The Sound of Curves – Gone Gatsby


The third recording from San Antonio based four piece The Sound of Curves, Gone Gatsby, is a mammoth fourteen song release reflecting their musical development since the band first formed in 2009. Many will argue that fourteen songs is entirely too long and the album must be weighed down with filler. This isn’t the case with Gone Gatsby. Gone Gatsby’s lengthy running time and its assortment of approaches clearly shows an ambitious band at work and aiming to make some sort of substantive statement about their intentions from this point forward. The Sound of Curves doesn’t simply want to be just another good band on the scene. Instead, their wide ranging attempt to record an indelible recording is a band reaching for posterity and making significant strides in that direction. This band means business and every listener will be grateful for going along for the ride.

The first song “Galaxy” has some interesting rhythms in its opening passages thanks to the band’s inventive use of keyboards and percussion, but soon settles into a much more traditional pattern as the song progresses. The song shows, however, they’ve successfully managed to integrate two different aesthetics into something greater. The second track “Hummingbird” is much closer to customary alternative rock without any of the added color heard on the opener. The guitar work veers from cinematic peaks that sound like an amassed six string army into much subtler, quiet, and clearly rendered passages that provide the necessary balance. It’s a typical move from the band and the material would ultimately go nowhere without those latter shifts in mood. The title track is obviously written to be one of the marquee moments on this release and it doesn’t disappoint. Much of the composition carries the same distinctive traits common to the band’s material, but they spike it with some canny variations and it’s one of the most obvious crowd pleasers on the release.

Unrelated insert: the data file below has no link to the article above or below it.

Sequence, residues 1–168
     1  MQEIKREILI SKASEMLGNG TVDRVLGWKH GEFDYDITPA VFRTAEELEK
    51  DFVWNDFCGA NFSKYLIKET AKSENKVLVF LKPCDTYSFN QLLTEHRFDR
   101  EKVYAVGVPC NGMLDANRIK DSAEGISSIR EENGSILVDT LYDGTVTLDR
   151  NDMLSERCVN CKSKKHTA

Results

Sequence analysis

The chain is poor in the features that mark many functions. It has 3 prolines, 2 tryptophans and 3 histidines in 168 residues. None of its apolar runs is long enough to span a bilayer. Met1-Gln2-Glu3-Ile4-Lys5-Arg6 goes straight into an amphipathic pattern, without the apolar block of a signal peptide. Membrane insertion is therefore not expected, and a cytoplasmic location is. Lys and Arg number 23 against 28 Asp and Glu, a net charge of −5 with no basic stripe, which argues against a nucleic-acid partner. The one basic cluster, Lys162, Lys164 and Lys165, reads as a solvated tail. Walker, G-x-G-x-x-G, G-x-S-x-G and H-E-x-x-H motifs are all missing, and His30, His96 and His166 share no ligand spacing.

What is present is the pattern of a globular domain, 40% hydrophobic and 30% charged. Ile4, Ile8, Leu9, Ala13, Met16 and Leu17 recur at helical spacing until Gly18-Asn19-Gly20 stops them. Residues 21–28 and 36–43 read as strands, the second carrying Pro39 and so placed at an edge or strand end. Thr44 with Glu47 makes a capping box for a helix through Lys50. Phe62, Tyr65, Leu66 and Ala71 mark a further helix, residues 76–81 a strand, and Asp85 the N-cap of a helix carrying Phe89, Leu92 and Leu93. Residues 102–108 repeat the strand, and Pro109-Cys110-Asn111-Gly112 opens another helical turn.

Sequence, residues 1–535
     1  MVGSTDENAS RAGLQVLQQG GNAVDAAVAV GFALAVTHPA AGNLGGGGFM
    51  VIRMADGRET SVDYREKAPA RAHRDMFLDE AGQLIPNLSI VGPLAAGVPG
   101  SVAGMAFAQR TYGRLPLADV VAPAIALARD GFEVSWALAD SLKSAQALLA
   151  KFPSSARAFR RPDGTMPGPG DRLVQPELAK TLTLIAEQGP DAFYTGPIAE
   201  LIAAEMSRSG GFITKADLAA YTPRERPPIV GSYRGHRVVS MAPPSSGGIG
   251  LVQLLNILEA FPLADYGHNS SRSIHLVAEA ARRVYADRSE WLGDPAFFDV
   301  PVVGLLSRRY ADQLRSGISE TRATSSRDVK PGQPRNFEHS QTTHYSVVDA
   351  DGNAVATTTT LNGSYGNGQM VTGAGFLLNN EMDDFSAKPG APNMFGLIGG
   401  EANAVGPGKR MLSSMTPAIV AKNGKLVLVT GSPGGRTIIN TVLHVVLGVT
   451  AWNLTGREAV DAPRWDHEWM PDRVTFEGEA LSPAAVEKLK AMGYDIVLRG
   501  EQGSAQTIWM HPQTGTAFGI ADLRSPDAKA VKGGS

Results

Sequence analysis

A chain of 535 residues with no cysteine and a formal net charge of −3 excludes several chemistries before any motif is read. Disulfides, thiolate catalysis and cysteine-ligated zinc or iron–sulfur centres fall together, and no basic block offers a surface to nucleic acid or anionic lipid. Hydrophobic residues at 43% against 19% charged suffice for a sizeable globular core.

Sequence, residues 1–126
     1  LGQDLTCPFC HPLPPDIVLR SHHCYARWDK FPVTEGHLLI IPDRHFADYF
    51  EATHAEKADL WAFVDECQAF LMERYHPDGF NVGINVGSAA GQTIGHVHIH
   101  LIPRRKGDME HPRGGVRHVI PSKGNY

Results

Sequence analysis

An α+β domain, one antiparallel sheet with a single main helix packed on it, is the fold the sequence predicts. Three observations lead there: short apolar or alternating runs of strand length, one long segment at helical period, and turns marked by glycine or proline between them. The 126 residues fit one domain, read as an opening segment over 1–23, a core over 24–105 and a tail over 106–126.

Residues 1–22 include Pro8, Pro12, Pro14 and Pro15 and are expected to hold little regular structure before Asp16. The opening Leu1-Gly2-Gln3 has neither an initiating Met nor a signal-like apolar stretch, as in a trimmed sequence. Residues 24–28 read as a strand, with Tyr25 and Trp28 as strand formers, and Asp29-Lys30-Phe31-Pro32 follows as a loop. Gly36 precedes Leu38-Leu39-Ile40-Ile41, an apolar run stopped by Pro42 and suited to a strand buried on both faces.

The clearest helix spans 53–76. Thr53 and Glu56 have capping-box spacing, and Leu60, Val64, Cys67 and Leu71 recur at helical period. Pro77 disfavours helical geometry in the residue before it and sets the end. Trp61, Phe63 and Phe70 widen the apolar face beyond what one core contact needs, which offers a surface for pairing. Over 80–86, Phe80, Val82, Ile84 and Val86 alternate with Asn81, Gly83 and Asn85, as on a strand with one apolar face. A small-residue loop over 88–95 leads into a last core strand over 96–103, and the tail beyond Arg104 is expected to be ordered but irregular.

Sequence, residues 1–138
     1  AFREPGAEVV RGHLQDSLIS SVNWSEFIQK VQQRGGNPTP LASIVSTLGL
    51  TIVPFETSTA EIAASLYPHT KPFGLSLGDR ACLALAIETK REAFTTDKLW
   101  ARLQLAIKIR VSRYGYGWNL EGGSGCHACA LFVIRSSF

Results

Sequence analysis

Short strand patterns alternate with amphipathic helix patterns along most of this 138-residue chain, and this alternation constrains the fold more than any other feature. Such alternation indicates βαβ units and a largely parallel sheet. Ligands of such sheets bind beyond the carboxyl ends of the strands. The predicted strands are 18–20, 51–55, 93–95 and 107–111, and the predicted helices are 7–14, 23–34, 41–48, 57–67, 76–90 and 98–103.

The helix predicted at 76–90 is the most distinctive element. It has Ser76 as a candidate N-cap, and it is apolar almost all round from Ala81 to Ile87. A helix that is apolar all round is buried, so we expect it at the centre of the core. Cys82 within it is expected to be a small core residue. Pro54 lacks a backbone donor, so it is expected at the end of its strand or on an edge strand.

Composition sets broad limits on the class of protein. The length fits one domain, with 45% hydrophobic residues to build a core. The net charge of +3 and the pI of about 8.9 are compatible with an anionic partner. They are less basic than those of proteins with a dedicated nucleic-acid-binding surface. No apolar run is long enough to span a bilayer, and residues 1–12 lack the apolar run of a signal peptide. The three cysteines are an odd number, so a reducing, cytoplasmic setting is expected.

“Disco” has the sound of a band with their parachute cut. The guitars give the feel of tumbling head over feet, freefalling through the air, but it isn’t indicative of a band failing to hit their marks. Instead, it is quite artfully done. There’s little here resembling any sort of disco beat or tempo, but a close listen to the lyrics reveals what’s going on here. The melodic content of “Josephine” covers a wide gamut. The opening of the song introduces listeners to the central melody and its exquisitely played without much accompaniment before soon spinning into a full on aural assault. It’s one of the album’s instantly identifiable numbers and a moment that genuinely sets The Sound of Curves apart from their peers. The thumping drums kicking off “Crawl” are the first salvo on one of the album’s more rollicking numbers and the body of the song retains that same airy energy. The bright guitar attack customarily heard on the band’s material is held back on “Tennessee” until nearly the end. The first half of the song is one of the album’s strong invocations of the band’s theatrical side. It never risks self indulgence and the concluding section brings everything around to the band’s core strengths. Gone Gatsby isn’t without flaws, but it ranks as The Sound of Curves’ most substantive achievement.

8 out of 10 stars


William Elgin